"What's his -"
"But I have a feeling nature will take its course the second you lay eyes on each other, and he sees what a sexy little hotpot you are."
Candy was pacing in circles now, and gave Blythe's curly red hair an affectionate ruffle on her way around the desk, but Blythe still felt irritated. A hotpot was a menu item in a Mongolian restaurant. How could a hotpot be sexy? Candy was really very careless in her use of language. "Candy, come on!" Blythe said, deleting a string of flamboyant adjectives from the news story. "I don't know anything about this old friend of yours. I might not like him at all."
"You don't have to like him. You just have to have sex with him." Candy fanned herself with a galley proof from the stack on Blythe's desk. Midafternoon, mid-August, New York - these three factors were more than the air-conditioning in the prewar building that housed the Telegraph offices could handle.
"No way I'd go to bed with a total stranger," Blythe said firmly. "Certainly not with a man I didn't like."
But Candy's face had taken on a dangerously dreamy expression. "That's how I lost my virginity," she said. "I kept saving it and saving it, because my mother said I should save myself for the right man."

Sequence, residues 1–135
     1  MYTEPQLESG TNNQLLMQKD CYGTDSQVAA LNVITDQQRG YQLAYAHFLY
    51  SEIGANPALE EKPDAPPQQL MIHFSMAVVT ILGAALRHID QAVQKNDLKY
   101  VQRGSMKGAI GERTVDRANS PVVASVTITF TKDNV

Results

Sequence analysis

It sounded comfortably motherly, but Candy's mother still seemed to be looking for the right man - and having gone through three husbands in the search, the evidence pointed strongly toward the likelihood that she hadn't been saving herself.
"But there never was the right man," Candy went on like a voice-over to Blythe's thoughts, "and I saw myself getting older and older without finding him. One day I said," You've got to start somewhere. "So I went straight for the quarterback, not a total stranger, but let's just say we'd never talked. I'm not sure he knew how to."
Wellesley, where the two of them had gone to college, Blythe on a National Merit scholarship, was still a women's college and didn't have a football team. "How old were you?" Blythe asked, changing "biggest haul of the decade" to "confiscation of a large amount of product."
Excerpted from When The Lights Go Out ... by Barbara Daly Copyright © 2004 by Harlequin Enterprises, Ltd.. Excerpted by permission.